Also you may think its cheap but the bids probably come from india where prices are much cheaper.
     
    Posted: Jul 31, 2009 By: liams7 Member since: Feb 21, 2008
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  5. JDX_John

    JDX_John UKBF Ace

    1,118 125
    Exactly. But contractors working with companies in the UK/US are still earning higher amounts - not every company wants to outsource everything to Asia. My question is if there are places online to find such opportunities, rather than having to cold-call a bunch of places.
     
    Posted: Jul 31, 2009 By: JDX_John Member since: Mar 26, 2009
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  6. Dwebs-Ltd

    Dwebs-Ltd UKBF Legend

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    Ignore the RC quotes from the idiot companies who don't give proper quotes. We have a lot of .net work done through RC which I either can't do because its beyond my technical ability or don't have the time to do. We don't go for the cheapest either the developer thats done most of the work for us is based in South Africa and his rates aren't too bad cheaper than the UK of course but nowhere near as cheap as the India based quotes you get.
     
    Posted: Aug 1, 2009 By: Dwebs-Ltd Member since: Nov 29, 2007
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  7. JDX_John

    JDX_John UKBF Ace

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    As someone who falls into my target market bracket, I don't suppose you'd care to divulge what you consider an upper rate to pay for such work? PM me if you don't want to post numbers in public...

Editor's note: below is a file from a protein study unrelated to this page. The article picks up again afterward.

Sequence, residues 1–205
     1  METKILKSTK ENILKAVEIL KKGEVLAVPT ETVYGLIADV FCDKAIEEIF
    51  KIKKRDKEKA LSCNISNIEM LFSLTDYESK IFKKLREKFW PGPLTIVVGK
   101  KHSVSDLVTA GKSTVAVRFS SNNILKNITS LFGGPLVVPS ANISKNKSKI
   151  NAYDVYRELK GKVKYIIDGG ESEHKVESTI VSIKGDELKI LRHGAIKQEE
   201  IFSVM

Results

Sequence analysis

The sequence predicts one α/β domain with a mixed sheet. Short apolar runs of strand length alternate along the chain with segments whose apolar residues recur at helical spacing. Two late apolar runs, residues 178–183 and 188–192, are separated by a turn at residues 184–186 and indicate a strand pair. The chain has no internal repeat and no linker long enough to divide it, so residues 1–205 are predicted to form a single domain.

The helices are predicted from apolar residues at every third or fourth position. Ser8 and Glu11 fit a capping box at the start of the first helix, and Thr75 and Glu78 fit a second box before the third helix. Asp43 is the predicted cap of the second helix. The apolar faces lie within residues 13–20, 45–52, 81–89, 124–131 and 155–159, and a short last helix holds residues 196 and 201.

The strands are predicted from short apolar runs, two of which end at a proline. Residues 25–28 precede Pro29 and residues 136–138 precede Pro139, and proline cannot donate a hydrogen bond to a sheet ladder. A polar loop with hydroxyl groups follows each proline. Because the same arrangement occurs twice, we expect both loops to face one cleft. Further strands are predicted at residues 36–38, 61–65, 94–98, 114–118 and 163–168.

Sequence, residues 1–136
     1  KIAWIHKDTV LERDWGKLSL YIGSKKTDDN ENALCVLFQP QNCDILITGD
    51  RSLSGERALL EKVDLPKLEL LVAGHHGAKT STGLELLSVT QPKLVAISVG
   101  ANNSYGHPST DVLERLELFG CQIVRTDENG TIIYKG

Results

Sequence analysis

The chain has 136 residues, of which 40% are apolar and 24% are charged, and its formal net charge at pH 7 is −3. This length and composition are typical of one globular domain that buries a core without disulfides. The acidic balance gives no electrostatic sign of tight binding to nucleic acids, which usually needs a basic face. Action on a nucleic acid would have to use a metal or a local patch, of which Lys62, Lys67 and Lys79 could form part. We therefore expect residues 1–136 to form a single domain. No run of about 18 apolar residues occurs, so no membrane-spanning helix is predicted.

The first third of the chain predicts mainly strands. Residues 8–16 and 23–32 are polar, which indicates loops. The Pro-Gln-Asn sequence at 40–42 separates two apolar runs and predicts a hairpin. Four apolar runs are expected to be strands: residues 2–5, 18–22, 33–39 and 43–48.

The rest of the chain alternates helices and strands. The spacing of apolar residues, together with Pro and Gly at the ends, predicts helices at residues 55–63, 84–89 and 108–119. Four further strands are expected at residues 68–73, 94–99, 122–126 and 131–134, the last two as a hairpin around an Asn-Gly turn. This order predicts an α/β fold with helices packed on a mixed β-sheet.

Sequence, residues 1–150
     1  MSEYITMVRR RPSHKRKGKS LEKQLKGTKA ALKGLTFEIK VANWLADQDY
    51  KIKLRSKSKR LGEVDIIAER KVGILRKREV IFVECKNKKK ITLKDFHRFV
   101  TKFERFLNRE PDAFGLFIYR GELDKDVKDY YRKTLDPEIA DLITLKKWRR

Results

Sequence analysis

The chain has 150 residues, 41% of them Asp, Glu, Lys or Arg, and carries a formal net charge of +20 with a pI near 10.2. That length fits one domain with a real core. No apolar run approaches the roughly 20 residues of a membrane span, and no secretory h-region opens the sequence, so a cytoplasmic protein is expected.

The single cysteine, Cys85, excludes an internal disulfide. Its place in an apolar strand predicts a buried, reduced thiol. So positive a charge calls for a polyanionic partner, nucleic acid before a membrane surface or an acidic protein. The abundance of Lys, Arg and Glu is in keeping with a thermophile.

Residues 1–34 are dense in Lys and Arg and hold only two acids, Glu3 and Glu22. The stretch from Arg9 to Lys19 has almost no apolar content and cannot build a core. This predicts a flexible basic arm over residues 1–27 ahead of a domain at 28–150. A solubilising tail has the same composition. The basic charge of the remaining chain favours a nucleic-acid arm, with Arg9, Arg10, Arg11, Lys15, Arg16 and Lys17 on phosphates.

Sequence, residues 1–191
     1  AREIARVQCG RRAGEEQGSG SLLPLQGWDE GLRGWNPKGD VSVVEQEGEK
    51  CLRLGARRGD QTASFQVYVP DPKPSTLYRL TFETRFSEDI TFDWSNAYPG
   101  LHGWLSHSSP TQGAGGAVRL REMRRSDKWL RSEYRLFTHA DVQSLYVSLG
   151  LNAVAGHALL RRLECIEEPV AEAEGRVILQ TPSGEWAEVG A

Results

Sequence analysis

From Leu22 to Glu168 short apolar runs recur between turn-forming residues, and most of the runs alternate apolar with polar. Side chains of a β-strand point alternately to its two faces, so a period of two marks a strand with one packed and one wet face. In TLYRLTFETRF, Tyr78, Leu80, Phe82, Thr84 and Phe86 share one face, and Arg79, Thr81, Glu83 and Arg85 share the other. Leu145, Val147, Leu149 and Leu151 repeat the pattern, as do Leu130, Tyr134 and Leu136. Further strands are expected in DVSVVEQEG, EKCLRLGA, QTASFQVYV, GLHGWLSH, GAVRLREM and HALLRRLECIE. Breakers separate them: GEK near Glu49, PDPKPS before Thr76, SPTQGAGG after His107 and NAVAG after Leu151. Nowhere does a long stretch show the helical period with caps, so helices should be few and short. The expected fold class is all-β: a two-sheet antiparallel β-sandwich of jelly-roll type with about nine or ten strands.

Posted: Aug 1, 2009 By: JDX_John Member since: Mar 26, 2009
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  8. Dwebs-Ltd

    Dwebs-Ltd UKBF Legend

    2,062 264
    When we get work priced up its on a per project basis i.e. fixed not per hour.

    Usually works out at £350-400/week depending on whats being done.
     
    Posted: Aug 1, 2009 By: Dwebs-Ltd Member since: Nov 29, 2007
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  9. nickpp

    nickpp UKBF Contributor

    236 11
    Urge caution on elance, picked a great company (indian) with great reviews, they turned over a decent amount.

    But...

    Suddenly went off elance, citing elance threw them off for producing adult sites.

    Long story short..lost £600 quid, elance could not help nor could paypal.

    Oh...and got nothing to show for it, the 600 was first milestone.

    Communication excellent to start with. slowly turned to nothing, did speak to a lady on a mobile, she was clearly in a house full of crying kids.

    Sure they are many that have no problems but thought I would share what happened to us.
     
    Posted: Aug 1, 2009 By: nickpp Member since: Aug 11, 2008
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  10. Peter Bowen

    Peter Bowen UKBF Legend

    851 230
    Ouch!

    I've also learned the hard way, but I think that there are ways to reduce your risk when outsourcing work:


    • Keep the progress payments small and frequent.